(such as the Rules Committee in the U.S. House of Representatives) in particular.
This paper considers manipulation of collective choice – in such environments, a potential alternative is powerful only to the degree that its introduction can affect the collective decision. Using the Banks set (Banks ), we present and characterize alternatives that can, and those that can not, affect sophisticated collective decision making. Along with offering two substantive findings about political manipulation and a link between our results and Riker’s concept of heresthetic, we define a new tournament solution concept that refines the Banks set, which we refer to as the heresthetically stable set.
In this paper, we define a binary relation for general collective choice situations, the needing relation, that captures one notion of dependence between alternatives with respect to inclusion in several popular solution concepts, including the top-cycle set, the uncovered set, the Banks set, and the minimal covering set. After defining the relation and relating it to a graph theoretical view of collective preference, we prove several results about the relation and provide a partial characterization of external stability of some tournament solution concepts. We then utilize the needing relation to define a property of tournament solution concepts,
which we dub independence. Finally, the independence of several solution concepts is characterized.
I present a new method of interpreting voter preferences in settings where policy remains in effect until replaced by new legislation. In such settings voters consider not only the utility they receive from a given policy today, but also the utility they will receive from policies likely to replace that policy in the future. The model can be used to both characterize long-term preferences and distributions over policy outcomes in situations where policy is ongoing and voters are farsighted.
Different definitions of the uncovered set are commonly, and often interchangeably, used in the literature. If we assume individual preferences are strict over all alternatives, these definitions are equivalent. However, if one or more voters is indifferent between alternatives these definitions may not yield the same uncovered set. This note examines how these definitions differ in a distributive setting, here each voter can be indifferent between any number of alternatives. I show that, defined one way, the uncovered set is equal to the set of Pareto allocations that give over half the voters a strictly positive payoff, while alternate definitions yield an uncovered set that is equal to the entire Pareto set. These results highlight a small error in Epstein (1998) in which the author characterizes the uncovered set for a different definition of covering than claimed.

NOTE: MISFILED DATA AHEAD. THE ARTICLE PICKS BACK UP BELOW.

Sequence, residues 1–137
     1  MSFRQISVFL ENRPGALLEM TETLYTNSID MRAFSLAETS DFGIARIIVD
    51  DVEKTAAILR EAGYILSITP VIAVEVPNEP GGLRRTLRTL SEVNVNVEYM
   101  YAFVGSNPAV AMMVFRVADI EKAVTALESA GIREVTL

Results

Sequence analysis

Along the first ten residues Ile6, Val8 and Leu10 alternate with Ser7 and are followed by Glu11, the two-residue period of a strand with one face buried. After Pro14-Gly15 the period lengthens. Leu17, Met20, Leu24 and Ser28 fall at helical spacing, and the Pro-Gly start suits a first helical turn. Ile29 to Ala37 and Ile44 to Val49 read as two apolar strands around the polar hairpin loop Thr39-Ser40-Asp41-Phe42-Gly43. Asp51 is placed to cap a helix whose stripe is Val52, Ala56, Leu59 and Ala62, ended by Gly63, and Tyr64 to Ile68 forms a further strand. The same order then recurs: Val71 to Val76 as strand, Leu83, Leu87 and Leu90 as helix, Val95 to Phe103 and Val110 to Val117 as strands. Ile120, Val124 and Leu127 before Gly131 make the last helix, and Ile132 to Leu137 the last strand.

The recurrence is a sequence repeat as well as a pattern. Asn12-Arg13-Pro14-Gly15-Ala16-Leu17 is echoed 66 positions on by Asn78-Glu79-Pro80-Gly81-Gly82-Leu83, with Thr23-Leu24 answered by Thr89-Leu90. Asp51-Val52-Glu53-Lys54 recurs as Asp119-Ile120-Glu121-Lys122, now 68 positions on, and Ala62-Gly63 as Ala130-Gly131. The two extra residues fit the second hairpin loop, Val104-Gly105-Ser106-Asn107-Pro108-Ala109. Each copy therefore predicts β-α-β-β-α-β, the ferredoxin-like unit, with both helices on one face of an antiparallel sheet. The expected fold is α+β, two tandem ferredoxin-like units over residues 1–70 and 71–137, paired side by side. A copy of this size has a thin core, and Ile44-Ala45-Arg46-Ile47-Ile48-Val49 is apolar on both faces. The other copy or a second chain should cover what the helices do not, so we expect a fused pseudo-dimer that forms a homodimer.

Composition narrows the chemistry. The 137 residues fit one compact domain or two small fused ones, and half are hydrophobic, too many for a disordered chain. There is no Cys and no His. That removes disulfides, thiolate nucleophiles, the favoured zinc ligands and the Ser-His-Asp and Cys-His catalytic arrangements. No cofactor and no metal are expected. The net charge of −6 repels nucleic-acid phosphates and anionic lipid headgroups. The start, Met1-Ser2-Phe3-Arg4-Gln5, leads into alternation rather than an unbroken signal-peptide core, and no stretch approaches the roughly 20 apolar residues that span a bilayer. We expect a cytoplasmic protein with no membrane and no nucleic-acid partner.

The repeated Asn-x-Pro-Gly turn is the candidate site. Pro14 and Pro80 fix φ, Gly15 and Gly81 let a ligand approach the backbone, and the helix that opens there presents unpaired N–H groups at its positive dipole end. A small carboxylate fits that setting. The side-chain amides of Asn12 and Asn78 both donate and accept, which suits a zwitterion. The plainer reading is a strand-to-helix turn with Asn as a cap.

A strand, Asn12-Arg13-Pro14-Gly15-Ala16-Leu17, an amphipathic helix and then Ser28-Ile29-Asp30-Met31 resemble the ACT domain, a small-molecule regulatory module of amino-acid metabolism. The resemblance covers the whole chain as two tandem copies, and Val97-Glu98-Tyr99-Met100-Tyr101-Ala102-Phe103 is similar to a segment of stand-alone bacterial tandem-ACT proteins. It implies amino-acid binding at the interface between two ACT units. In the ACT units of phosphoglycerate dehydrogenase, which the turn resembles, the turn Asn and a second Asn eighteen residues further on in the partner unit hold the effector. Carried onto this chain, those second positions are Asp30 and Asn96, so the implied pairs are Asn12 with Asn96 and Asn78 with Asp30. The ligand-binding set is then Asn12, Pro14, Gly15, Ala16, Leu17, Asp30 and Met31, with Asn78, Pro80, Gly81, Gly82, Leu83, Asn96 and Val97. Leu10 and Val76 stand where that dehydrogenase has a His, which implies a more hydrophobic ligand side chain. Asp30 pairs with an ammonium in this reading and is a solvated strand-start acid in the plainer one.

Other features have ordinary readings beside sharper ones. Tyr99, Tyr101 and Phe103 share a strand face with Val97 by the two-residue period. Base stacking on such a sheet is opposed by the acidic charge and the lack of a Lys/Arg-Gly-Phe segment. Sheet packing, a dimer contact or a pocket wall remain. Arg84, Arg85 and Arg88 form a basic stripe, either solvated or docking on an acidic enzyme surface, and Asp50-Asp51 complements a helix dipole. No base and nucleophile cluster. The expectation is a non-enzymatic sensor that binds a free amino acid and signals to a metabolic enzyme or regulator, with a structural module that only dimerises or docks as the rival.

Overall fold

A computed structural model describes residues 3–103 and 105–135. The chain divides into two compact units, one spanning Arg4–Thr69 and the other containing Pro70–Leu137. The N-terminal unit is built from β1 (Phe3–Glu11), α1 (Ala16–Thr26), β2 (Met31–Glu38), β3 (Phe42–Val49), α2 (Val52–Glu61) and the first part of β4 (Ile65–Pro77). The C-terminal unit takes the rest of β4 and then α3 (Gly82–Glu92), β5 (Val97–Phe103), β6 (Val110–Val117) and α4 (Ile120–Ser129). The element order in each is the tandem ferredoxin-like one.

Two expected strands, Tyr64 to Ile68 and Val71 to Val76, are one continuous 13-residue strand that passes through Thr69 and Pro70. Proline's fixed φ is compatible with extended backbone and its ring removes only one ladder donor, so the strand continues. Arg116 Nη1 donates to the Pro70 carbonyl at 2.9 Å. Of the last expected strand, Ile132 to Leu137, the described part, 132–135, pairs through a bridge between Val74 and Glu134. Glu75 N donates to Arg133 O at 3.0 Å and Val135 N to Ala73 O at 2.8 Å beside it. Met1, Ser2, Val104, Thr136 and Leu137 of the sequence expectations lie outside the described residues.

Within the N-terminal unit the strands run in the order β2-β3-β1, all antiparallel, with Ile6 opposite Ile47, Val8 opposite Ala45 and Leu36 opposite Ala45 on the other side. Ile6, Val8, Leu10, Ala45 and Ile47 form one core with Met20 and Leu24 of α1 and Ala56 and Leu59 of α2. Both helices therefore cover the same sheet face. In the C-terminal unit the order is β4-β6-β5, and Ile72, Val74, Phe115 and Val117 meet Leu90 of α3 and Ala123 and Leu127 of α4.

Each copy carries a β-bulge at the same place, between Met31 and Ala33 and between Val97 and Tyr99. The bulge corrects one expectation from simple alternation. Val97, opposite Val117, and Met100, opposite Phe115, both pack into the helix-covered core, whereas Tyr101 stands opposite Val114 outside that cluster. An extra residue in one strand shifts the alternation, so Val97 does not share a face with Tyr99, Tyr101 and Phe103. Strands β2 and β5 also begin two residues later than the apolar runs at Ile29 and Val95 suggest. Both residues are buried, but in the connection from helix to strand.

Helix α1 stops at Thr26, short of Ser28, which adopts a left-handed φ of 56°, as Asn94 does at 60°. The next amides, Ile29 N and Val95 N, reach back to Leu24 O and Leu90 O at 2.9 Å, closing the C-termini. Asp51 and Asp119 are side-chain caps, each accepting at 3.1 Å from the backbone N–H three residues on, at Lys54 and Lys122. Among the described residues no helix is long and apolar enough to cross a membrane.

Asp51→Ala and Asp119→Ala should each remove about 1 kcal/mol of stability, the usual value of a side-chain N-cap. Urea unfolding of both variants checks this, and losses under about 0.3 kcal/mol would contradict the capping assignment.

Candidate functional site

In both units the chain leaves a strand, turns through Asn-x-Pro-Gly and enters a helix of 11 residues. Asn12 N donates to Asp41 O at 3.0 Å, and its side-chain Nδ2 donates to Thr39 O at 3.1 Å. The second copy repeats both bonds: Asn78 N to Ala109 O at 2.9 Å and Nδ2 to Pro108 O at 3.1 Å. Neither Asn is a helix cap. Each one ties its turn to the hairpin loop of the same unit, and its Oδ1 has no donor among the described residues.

I provide a definition of the Banks set, or set of sophisticated voting outcomes, over an infinite policy space and when individual preferences are weak. I also show that the Banks set is a subset of one definition of the uncovered set, but not another. The interpretation of the Banks set in this setting differs from Banks’s original interpretation in the implicit role of the agenda setter. In addition, a characterization of the Banks set is provided for a three-player game of distributive politics. In this special setting, the Banks set and all definitions of the uncovered set have full measure over the space of alternatives.
I construct a theoretical and computational model of municipal fragmentation and Tiebout competition and show that factors such as income heterogeneity, political institutions and the discretionary power of municipalities to tax can substantially affect both where individuals choose to live and how cities form. Conclusions are drawn about the types of cities that form when secession is an option. These conclusions support the idea that increasing the range of choices available to municipalities and to individuals can actually leave a majority of residents worse-off.